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SDI, a Two-Edged Sword: Defense or Destruction?

December 28, 1986|PETER D. ZIMMERMAN | Peter D. Zimmerman, a physicist, is a senior associate at the Carnegie Endowment for International Peace.

In arguing his case for the Strategic Defense Initiative, President Reagan maintains that it would produce weapons that only destroy other weapons. Not so. Some of the technology works almost as well for offensive purposes. In fact, space-oriented strategic arms would be almost perfectly suited to strikes against population centers, or as instruments of coercion and destruction to be employed against smaller adversaries. And they would not add much to the cost of a defensive system.

The value of these weapons lies in power and position, classic ingredients for military success. From orbit above the Earth, almost any space-based missile defense system under consideration today could bring its weapons to bear on targets on the planet as well as in the atmosphere. Designs for the smallest laser defense systems call for at least 100 platforms, and the "smart rock" kinetic kill systems may have thousands of battle stations and tens of thousands of missiles.

Because the most vulnerable phase of ballistic missile flight is so short, only those satellites within range of the missiles when they are launched can participate in the battle. Consequently, very many lasers or missiles must be in orbit because each battle station would be in the right position for only a small portion of each day. Ten or 20 times as many lasers would be needed in the system as would be needed in battle, and perhaps 30 times as many rocket-launching anti-missile satellites because rockets are slow compared to the speed of light at which lasers deliver their punch.

How can the enormous energies of SDI weapons be transmitted through the atmosphere? For kinetic kill vehicles the answer is easy. It takes a rocket weighing about 450 pounds to power an 11-pound kill vehicle to the 16 miles-per-second speed needed to give it a chance to intercept and destroy a ballistic missile. But a slightly different 450-pound rocket could carry a payload of 200 pounds or more, if the objective were only to send a re-entry vehicle from orbit back down to Earth, where it would hit with the power of a large meteorite. Such a vehicle would be adequate for carrying a guidance system accurate enough to strike very small targets--aircraft, buildings, even early-warning radar antennas.

Many laser systems proposed for use in space cannot be used against targets on Earth. The wave lengths of their beams, their colors, are such that the light is absorbed high in the atmosphere. But there is promise in a "directed energy" anti-missile system; one such system is said to be the ground-based "free-electron laser," a combination of an accelerator, a sophisticated magnet assembly and a set of relay mirrors on the ground and in space. The beams are produced on the ground and are then sent up to the mirrors, which direct them at their targets. If the beams can go up through the atmosphere with minor losses and scattering, they can go back down again. Mathematicians call this a "self-proving theorem."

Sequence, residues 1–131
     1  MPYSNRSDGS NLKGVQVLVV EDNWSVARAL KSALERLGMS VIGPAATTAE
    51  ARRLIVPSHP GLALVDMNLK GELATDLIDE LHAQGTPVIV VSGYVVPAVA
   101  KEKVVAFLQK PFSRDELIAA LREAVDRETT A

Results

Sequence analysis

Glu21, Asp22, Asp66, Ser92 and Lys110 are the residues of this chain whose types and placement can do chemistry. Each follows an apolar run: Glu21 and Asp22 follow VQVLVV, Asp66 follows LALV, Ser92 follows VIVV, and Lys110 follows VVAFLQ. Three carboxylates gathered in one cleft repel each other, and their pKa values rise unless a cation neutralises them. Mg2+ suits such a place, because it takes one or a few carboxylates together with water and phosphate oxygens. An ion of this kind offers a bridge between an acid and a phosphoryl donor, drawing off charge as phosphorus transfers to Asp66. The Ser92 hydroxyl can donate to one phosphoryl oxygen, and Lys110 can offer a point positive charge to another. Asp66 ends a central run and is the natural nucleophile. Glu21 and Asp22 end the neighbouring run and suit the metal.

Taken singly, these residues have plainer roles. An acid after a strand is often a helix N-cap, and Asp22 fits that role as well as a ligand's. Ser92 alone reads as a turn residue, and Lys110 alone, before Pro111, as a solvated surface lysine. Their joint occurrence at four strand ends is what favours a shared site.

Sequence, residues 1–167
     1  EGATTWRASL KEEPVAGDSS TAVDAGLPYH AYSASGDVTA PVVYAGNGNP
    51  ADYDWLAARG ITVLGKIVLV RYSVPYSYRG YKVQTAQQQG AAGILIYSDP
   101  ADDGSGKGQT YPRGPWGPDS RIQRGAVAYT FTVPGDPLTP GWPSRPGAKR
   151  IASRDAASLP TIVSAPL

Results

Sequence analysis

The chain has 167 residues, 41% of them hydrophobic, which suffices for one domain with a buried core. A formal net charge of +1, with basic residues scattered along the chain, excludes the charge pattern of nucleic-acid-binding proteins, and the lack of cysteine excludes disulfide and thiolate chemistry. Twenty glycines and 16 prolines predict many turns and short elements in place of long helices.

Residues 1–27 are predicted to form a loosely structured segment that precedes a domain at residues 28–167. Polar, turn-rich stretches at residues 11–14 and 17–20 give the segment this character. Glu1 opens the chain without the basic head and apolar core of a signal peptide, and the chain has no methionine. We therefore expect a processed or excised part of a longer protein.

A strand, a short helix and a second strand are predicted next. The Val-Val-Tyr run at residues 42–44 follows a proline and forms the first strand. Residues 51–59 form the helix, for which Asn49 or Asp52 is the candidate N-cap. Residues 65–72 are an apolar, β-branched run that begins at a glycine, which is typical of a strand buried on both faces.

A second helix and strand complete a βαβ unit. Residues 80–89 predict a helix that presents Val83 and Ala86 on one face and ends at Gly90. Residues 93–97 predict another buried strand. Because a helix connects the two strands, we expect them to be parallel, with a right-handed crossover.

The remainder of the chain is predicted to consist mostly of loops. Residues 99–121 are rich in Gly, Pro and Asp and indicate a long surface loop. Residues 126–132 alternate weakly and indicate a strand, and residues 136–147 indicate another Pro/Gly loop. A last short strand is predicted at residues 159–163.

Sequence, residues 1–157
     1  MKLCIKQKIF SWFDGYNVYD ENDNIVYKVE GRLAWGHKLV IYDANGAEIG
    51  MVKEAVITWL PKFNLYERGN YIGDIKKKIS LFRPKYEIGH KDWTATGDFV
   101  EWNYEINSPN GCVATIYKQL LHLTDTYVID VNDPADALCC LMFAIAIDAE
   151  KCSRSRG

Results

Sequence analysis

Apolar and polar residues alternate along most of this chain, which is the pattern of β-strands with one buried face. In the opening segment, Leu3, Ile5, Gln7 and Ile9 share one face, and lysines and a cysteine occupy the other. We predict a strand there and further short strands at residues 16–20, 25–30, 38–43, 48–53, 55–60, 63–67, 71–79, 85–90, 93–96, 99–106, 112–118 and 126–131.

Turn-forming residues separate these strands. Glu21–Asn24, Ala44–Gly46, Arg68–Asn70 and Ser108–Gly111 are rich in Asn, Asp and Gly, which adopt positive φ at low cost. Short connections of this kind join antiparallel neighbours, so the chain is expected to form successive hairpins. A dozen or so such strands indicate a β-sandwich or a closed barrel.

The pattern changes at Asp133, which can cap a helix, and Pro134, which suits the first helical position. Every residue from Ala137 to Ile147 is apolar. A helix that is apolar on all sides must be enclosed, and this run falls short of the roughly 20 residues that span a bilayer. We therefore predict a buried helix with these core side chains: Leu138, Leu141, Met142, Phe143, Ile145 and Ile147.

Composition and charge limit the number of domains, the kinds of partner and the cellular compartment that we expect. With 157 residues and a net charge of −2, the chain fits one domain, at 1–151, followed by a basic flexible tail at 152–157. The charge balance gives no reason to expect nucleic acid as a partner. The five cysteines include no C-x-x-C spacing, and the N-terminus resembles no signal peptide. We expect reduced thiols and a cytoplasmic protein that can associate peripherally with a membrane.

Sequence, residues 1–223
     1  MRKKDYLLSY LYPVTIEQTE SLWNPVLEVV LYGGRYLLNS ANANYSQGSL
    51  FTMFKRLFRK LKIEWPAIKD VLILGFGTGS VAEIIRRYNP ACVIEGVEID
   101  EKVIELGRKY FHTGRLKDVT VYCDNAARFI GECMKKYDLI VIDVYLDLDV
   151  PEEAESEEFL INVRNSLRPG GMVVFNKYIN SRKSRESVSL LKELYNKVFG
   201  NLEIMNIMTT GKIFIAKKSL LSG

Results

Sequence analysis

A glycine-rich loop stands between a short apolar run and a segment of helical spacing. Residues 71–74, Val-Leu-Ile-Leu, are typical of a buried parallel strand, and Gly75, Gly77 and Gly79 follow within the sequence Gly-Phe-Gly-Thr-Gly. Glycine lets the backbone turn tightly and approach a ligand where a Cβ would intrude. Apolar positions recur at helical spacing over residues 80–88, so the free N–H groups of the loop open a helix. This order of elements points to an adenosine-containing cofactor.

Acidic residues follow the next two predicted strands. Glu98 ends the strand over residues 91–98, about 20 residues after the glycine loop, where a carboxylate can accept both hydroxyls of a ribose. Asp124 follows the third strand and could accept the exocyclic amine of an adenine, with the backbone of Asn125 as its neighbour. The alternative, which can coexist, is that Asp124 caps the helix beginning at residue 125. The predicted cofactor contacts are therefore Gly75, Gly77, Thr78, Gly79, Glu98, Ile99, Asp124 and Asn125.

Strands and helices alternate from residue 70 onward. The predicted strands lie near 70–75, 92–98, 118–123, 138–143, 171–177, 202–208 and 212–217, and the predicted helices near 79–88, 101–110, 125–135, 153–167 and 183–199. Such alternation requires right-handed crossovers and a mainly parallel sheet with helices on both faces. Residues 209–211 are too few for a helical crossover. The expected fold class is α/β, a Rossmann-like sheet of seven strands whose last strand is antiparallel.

Space-based weapons and ground-based lasers with space-based relay mirrors offer both versatility and selectivity. A laser system that could handle 1,400 booster rockets--the number now in the Soviets' ICBM force--also could start more than 1 million fires over the course of 12 hours. (Only 6,400 fires break out each day in the United States.) An adversary could choose to concentrate his arson in densely populated areas, swamping the fire departments afflicted. Or lasers could be used to start brush fires in widely scattered areas. We know what one match can do during Southern California's dry season; imagine the effect of just 100 of the 1 million fires that a Soviet SDI system could set.

Such weapons could be used with pinpoint precision against oil tankers, storage depots, communications facilities--all manner of targets. In a guerrilla war they could be used to burn off jungle cover; in a future attack on Libya, Moammar Kadafi's tent could be targeted directly, with few or no other casualties, anywhere, and at no risk to the attacking forces. The drawback: These weapons also could destroy the bomber "leg" of our strategic triad while it's on the ground during the opening seconds of war; our airborne command posts might be vulnerable as well.

The strategic role of space-based multi-mission weapons is small in a world dominated by tens of thousands of nuclear warheads. But if most ballistic missiles and most nuclear weapons are eliminated at about the time SDI is deployed, the system's strategic offensive capabilities will appear far more important.

The offensive uses of space are not arguments for or against SDI; they are consequences of the technology, if the technology succeeds. In deciding whether to construct a system for strategic defense, the American people will have to take into account both edges of the SDI sword.

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